Philippine military eases enlistment rules for ‘cyberwarriors’

The Armed Forces of the Philippines is looking to expand its main cybersecurity unit to strengthen the defense of their networks from almost daily cyberattacks.

Frances Mangosing

Frances Mangosing

Philippine Daily Inquirer


Armed Forces of the Philippines (AFP) Chief of Staff General Romeo Brawner Jr. PHOTO: REUTERS/ PIHILIPPINE DAILY INQUIRER

October 20, 2023

The Armed Forces of the Philippines is looking to expand its main cybersecurity unit to strengthen the defense of their networks from almost daily cyberattacks.

AFP chief Gen. Romeo Brawner Jr. said part of the effort to attract the “cyberwarriors” they need is to relax the recruitment rules. “There is that general realization that this new breed of warriors do not need to be muscled and strong, but intelligent and skillful in the cyber domain,” he said in a forum hosted by Foreign Correspondents of the Philippines on Thursday.

Brawner said they have been experiencing attempts to attack the entire networks of the AFP “almost everyday,” with some of it coming from abroad. But none has been successful so far.

READ: AFP chief deems dark web leak outdated, no threat to PH security

Ongoing investigation

An investigation is currently underway to identify those behind the recent cyberattacks on government websites, including the House of Representatives, Senate of the Philippines, Philippine Health Insurance Corp., Philippine Statistics Authority and Department of Science and Technology.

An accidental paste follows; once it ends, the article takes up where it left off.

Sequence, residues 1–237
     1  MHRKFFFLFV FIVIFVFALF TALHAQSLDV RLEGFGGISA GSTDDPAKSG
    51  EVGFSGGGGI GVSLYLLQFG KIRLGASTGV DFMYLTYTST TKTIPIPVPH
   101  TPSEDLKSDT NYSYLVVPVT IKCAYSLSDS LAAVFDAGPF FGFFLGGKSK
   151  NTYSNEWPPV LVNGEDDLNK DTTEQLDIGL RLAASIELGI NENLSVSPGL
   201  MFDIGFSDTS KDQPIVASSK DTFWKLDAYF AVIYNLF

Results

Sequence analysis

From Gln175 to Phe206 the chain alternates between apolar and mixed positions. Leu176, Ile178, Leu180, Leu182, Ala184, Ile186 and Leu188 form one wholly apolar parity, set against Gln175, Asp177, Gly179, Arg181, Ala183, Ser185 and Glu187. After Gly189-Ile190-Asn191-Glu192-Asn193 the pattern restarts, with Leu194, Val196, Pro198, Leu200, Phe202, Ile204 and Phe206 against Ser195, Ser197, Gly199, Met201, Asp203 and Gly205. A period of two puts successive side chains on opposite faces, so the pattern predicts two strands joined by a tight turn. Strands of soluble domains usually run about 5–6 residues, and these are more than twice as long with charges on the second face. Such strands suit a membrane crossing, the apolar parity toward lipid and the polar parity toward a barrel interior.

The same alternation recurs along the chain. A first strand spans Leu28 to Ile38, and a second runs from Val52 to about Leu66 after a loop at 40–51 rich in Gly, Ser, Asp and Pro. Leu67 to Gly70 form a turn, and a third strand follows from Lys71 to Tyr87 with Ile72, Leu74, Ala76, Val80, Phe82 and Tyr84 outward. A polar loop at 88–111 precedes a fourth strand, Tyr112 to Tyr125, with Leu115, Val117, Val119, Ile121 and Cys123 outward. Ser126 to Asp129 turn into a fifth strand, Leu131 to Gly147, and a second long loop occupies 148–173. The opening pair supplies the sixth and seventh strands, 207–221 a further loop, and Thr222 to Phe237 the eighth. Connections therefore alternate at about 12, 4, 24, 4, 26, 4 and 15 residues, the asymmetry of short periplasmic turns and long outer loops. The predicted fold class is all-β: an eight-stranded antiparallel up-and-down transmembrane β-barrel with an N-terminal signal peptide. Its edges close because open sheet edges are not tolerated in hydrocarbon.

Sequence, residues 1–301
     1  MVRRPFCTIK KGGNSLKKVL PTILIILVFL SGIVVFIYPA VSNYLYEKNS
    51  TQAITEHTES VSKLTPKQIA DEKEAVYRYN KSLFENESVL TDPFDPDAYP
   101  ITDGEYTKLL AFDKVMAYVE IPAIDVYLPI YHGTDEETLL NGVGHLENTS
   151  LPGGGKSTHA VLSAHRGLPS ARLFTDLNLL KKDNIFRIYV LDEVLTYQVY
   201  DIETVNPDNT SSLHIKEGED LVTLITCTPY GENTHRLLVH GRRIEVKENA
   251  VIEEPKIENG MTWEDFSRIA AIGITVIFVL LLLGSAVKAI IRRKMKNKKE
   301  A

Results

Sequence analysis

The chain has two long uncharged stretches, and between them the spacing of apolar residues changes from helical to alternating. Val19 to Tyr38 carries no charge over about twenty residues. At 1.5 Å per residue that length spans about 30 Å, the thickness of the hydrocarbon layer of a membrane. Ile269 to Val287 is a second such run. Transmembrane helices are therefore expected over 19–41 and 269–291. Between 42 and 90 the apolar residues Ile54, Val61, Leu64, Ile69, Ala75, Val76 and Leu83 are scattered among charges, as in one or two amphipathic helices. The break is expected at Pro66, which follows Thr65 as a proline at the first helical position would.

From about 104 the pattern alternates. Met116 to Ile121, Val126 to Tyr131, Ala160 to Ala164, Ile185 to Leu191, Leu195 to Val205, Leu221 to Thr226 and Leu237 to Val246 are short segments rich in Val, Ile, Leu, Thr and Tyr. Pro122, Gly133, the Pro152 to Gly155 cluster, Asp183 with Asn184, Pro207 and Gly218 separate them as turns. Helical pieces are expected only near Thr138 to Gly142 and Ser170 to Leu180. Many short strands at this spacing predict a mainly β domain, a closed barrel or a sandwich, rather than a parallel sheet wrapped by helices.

A US cybersecurity company reported in 2021 that the Philippine Navy and the AFP were among those being persistently targeted by Chinese state-sponsored hackers.

READ: PSG chief among top posts in AFP reshuffle

‘AFP Cyber Command’

At present, a small unit called AFP Cyber Group is in charge of protecting the military’s networks at the main headquarters level while each service branch has their own cyber units, according to Brawner. The AFP Cyber Command they plan to create will secure the entire network of the AFP, he said.

“The Cyber Command that we are envisioning will not be as big as an area command, because an area command has territory that it covers. [It] will not have that physical territory, but it will have the whole archipelago … because it will try to defend the cyber networks of the [AFP],” he said.

Brawner did not say how many cyberdefense personnel they were planning to recruit.

Cybersecurity was a prominent feature during “Balikatan”—the largest Philippine-US military exercises—staged earlier this year wherein a cyberdefense exercise simulated defending and attacking networks while exploiting each other’s operating procedures.

In addition, the military plans to stop allowing telecommunication companies to build cell towers in military camps as part of a new policy, Brawner said.

A China-backed telecom was allowed to install communications equipment on military bases during the Duterte administration, triggering national security concerns.

The government is currently facing a shortage of qualified cybersecurity professionals. Some cybersecurity experts working in the government are leaving due to low pay to move to private firms where there are higher salaries, an official from the Department of Information and Communications Technology said in a television interview earlier this week.

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